SR: Well it sounds like it was a fun time!

KH: Oh yeah of course! It was so much fun.


SR: Well, obviously, the film is a modern retelling of the Salem Witch Trials, so I’m curious how much you knew about this subject before going in? Or was that part of your learning the character?

KH: That was something that we studied in school and everything, and I had read some books about it, but that isn’t something that I really studied on. Of course when I was, you know, acting on set it was something that I took very seriously, but it wasn’t something specifically for my role.

SR: That makes sense. As an actor you would rather adopt the character yourself rather than repeat something that has already been written on.

KH: Exactly! That is a good way to put it actually.

SR: Haha, but your answer had a bit more personality.

KH: Right, right. I was trying to bring this character’s actions ahead rather than trying to repeat what someone has covered historically. I wanted to make her my own.

SR: Something that all actors should strive to do. So earlier you mentioned your work with MOONRISE KINGDOM, um, which was a fairly lighthearted film compared to SISTERHOOD. How was the jump from that kind of tonally light film to this film, which was much darker?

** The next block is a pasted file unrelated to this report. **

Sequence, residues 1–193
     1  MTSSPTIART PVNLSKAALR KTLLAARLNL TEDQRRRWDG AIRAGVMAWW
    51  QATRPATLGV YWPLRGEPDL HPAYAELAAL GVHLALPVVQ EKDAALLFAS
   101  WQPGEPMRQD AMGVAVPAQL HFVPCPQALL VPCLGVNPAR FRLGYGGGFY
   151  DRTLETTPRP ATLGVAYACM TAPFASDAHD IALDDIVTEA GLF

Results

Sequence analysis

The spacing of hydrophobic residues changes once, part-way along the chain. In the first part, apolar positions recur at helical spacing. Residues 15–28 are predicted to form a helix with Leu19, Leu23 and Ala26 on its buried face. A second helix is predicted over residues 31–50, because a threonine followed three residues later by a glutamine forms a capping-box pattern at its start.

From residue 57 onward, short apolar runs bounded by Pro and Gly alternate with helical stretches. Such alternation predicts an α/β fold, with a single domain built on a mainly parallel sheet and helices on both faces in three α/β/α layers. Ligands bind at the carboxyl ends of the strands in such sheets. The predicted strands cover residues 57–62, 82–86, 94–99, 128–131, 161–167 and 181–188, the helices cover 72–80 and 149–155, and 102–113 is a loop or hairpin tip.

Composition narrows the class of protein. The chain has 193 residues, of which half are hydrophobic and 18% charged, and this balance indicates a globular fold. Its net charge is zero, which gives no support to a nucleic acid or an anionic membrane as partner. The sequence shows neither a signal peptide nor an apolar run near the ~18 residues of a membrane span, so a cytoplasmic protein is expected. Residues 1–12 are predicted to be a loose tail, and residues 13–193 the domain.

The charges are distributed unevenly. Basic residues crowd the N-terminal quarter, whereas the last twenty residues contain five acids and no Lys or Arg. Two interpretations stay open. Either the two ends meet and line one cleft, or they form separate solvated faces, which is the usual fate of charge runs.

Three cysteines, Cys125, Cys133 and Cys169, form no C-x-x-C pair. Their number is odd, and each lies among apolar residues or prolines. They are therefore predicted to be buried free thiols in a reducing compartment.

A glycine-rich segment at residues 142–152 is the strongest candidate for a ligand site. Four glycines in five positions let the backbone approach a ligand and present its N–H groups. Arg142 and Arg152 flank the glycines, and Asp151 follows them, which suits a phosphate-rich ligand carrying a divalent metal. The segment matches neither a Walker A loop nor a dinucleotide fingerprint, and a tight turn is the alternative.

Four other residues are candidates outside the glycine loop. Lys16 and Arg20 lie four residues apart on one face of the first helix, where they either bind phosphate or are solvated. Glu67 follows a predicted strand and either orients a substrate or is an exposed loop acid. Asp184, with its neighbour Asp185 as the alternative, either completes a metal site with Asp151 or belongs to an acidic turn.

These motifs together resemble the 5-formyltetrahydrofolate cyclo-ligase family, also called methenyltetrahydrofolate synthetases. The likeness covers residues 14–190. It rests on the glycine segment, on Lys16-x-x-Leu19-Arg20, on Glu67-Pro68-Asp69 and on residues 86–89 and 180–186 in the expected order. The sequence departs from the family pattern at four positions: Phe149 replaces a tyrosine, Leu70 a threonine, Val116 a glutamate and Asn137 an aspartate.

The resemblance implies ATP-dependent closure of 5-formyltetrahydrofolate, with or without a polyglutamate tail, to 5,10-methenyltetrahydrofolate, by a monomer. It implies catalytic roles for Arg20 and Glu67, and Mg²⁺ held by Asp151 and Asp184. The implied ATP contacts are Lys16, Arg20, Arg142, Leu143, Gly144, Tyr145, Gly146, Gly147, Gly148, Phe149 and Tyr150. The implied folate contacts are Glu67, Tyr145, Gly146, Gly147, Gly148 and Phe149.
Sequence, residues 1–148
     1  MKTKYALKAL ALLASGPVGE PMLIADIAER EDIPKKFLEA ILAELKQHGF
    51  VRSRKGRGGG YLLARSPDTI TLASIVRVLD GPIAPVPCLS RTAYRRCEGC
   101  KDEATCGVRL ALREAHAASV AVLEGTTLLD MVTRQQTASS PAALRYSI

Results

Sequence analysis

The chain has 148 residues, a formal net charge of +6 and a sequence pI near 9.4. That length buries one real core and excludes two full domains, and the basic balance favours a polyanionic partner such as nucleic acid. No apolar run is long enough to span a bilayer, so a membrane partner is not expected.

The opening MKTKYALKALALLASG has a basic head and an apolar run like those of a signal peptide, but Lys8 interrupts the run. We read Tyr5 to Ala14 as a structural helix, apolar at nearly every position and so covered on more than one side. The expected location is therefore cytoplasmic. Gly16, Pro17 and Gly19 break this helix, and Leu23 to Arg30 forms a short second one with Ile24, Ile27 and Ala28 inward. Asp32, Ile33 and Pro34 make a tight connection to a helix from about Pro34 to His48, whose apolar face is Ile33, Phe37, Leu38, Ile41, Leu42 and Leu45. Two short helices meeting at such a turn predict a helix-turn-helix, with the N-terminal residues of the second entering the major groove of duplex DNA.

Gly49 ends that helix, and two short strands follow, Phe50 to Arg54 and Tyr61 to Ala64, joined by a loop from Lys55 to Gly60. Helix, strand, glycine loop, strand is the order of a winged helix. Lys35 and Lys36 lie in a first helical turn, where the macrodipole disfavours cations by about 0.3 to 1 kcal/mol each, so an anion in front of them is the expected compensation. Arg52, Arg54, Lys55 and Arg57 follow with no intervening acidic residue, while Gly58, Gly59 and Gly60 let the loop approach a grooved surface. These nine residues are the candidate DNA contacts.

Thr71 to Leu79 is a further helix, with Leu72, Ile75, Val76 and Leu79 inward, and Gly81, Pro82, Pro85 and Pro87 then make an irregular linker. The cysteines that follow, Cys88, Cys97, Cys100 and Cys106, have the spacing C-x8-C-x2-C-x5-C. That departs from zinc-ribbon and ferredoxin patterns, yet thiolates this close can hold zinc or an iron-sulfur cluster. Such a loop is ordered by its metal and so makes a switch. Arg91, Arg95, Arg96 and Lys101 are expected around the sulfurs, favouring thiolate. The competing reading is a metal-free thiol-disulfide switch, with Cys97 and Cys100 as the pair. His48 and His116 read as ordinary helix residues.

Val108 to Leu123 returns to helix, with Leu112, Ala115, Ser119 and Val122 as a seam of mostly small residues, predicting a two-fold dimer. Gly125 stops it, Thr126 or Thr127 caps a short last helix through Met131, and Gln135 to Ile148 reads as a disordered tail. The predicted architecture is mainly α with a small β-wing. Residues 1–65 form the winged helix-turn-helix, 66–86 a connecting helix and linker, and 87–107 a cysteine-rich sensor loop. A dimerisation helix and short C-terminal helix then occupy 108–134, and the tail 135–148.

KH: There was definitely some tense moments. I took it kind of slow; you know SISTERHOOD was my second film so I still didn’t really know what was going on. I was just trying to do my best. Really I can just say that it was a whole new environment, and I just went with it more. I didn’t really take into consideration ‘oh well this is how it worked on MOONRISE KINGDOM,’ and instead just took in this new atmosphere. I made this my own, and I made Emily my own new character.

SR: That makes sense, as you stated earlier that this film allowed you to have more breathing room to make it your own.

KH: Yes, exactly.

SR: Ok, so going off of that, obviously the film has a history with the crowd funding campaign that goes back to 2012. So with the films being funded by the people, is there a pressure or sense of obligation to give a stronger performance?

KH: I mean, of course I’m obligated to give the best performance I could possible give regardless of whomever it is funded by. To try my hardest, to make this character and bring her to life as best I can, to show as many of the layers I possibly can. I’m apart of this project, and of course it is going to be great because we have this great director, great cast. I’m going to try my hardest no matter who it is funded by.